Imagine you live in the UK. You’ve just finished your studies, and are eager to have your first adult adventure – somewhere exotic. But this isn’t just a case of itchy feet. Raised in the ‘woke’ era, you also have a social conscience. More than simply satisfying your curiosity about the world, your trip will be a chance to ‘give something back’.
So what do you do? Hop on a website and find the most interesting voluntourist package available, of course. Maybe you spend two weeks helping out in an orphanage in the Transkei: you go there every day, feed the kids and cuddle them. Your feel a twinge in your heart every time you look into their big-eyed faces, and when the time comes to leave, you can’t stop yourself from crying. But you know that you have made their world just a little brighter, a memory that warms your heart all the way back to Heathrow.
Now picture what’s going on in the lives of those orphans. For two weeks, you’ve been a part of their every day. At first, they were reluctant to open up to you – they’ve already been let down so many times. But because you showed up consistently, they let their guard down a little. They came to look forward to your visits, and valued your time together just as much as you did. But then you were gone – suddenly and inexplicably. How would you feel if you were in those children’s shoes: comforted and loved, or let down and betrayed?
No one wants to think that their attempt to help causes more harm in the long run, but often, this is precisely what ‘voluntourists’ unwittingly end up doing. And, while packages targeting orphans and vulnerable people have sparked a type of ‘poverty tourism’, the impact of voluntourism on conservation has also raised grave concerns.
This might seem hard to believe. After all, how could an institution established specifically to boost conservation be working against it?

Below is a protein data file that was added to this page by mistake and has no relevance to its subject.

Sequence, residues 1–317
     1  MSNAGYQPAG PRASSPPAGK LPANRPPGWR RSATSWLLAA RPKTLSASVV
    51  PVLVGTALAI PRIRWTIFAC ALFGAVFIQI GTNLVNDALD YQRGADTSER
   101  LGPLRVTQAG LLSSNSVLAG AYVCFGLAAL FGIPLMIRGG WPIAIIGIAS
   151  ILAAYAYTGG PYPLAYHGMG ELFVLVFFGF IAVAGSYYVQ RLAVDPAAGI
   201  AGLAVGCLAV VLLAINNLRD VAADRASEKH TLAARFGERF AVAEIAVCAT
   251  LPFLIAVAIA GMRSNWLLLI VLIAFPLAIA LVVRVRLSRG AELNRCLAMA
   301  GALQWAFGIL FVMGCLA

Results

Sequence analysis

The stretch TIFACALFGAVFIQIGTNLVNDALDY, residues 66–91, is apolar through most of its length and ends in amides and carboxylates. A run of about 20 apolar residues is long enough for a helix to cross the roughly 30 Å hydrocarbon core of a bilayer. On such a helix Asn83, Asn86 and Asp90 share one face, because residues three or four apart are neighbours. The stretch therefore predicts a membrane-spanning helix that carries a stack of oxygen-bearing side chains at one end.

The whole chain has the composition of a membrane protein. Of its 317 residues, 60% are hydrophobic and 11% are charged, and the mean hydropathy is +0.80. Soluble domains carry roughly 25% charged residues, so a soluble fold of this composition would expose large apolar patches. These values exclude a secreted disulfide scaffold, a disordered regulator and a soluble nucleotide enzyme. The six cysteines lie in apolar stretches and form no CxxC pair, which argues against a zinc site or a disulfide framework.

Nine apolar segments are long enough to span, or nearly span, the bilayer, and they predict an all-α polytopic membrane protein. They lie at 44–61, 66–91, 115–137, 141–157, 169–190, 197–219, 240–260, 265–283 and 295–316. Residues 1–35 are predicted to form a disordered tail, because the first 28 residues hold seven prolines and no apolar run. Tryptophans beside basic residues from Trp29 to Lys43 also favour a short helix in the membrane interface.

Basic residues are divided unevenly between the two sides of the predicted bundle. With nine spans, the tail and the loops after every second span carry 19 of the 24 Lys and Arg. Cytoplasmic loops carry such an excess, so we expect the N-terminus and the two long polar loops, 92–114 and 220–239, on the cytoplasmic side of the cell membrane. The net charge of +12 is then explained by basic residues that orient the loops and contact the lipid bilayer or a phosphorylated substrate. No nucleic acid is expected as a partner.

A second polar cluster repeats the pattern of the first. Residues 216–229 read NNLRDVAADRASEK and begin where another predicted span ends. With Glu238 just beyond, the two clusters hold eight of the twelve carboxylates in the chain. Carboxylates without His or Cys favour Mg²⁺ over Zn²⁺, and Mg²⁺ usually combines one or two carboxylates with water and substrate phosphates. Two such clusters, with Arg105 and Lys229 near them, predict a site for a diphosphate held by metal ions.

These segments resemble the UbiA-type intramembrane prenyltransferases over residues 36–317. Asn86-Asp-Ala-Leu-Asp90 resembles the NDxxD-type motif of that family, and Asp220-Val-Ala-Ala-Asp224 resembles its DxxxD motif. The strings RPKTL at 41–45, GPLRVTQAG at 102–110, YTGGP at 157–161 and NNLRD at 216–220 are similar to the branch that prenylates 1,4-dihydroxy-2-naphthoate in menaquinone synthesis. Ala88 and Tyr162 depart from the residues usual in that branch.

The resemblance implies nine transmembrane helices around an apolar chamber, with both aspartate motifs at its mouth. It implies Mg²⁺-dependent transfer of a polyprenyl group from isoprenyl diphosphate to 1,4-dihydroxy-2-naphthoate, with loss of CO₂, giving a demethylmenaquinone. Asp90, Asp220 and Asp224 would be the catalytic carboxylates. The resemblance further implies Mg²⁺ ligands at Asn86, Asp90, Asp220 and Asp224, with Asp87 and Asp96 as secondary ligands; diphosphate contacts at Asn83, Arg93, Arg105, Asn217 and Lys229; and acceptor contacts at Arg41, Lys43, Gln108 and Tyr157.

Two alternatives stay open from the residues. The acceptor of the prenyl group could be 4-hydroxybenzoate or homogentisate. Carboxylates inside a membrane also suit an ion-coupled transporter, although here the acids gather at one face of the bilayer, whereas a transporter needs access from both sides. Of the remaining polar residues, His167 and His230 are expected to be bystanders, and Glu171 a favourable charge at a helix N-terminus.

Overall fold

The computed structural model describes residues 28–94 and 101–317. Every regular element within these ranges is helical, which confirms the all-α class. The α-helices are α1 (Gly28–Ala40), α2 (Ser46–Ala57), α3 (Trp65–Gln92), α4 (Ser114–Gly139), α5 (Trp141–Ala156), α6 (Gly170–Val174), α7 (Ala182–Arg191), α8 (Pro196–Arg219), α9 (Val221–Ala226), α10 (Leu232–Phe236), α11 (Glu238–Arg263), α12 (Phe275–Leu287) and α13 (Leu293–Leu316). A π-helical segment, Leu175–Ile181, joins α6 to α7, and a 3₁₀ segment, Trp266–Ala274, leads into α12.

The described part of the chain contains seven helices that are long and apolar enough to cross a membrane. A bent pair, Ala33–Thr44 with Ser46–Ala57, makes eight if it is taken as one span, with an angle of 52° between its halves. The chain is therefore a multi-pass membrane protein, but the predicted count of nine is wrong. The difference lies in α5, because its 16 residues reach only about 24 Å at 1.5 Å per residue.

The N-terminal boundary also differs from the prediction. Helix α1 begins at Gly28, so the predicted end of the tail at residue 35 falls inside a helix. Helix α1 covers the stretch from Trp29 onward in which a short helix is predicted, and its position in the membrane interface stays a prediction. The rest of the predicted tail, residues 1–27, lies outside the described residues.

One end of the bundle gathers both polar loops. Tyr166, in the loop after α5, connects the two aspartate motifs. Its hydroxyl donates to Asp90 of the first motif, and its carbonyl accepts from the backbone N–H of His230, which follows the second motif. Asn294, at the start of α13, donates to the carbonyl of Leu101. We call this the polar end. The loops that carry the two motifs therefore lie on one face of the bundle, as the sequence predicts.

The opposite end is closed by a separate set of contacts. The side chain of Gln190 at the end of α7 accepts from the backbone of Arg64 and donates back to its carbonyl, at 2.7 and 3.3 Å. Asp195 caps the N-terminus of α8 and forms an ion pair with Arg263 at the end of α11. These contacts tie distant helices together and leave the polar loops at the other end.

Subhead: Lions, legislation – and bullets
The documentary Blood Lions, which investigates South Africa’s canned lion-hunting industry, provides some disturbing answers to that question. In fact, the film uncovered realities so harsh that Fair Trade Tourism, an organisation which promotes fair and responsible tourism practices by tourism players, saw fit to review its stance regarding voluntourism.
Sharon Gilbert-Rivett, marketing manager at Fair Trade Tourism, explains the film’s harrowing revelations: “Essentially, lions used by certain voluntourist organisations are exploited at every stage of their lives,” she says. The industry isn’t dissimilar to puppy farming: a new litter of cubs is born every three months, and the female goes back into oestrus just a few days later, ready for the next litter. The cubs are taken away from their mothers, but tourists are told that their mothers rejected them and that they’re being readied to be released back into the wild. “What they don’t know is that there has yet to be a successful case study where lions are reintroduced to the wild,” Gilbert-Rivett says.
The tourists, meanwhile, are so moved by the cubs’ plight that they can’t wait to hand over their dollars to have a cuddle, believing that they’re helping to nurture the juvenile cubs. And, when the cubs get a little bit bigger, they’ll be just as eager to have a ‘walk with lions’ experience. But what happens when the lion is about four years old, and no longer able to participate in this kind of activity? Well, then it’s off to a hunting farm, where it will be shot by another tourist seeking a ‘typically South African’ experience. The sad journey doesn’t end there. Lion carcasses are then sold on to the Far East (at an average of R20 000-R30 000 per carcass) for use in ‘tiger bone’, an ancient Chinese remedy. “The reality is that these animals are being expressly raised to be killed,” Gilbert-Rivett states.
Viewed in this light, it’s perfectly understandable why Fair Trade Tourism has decided to clamp down on organisations purporting to offer wildlife interaction activities.
Subhead: Look, don’t touch
Gilbert-Rivett explains that the crux of the new criteria, which came into effect from 1 June, is that any establishment wishing to be certified by Fair Trade Tourism may not allow any physical interaction between tourists or volunteers and captive animals. Similarly, no interaction is allowed between orphans and other vulnerable people unless under the supervision of a qualified adult.
Fair Trade Tourism development manager Manuel Bollmann explains the thinking behind these criteria: “So-called ‘poverty or orphanage tourism’ has been a topic of hot debate in Europe for some time. People have been concerned about the impact of tourists, who have no qualifications or credentials in childcare, looking after children in orphanages. This first sparked our awareness of the need to tighten our credentials.”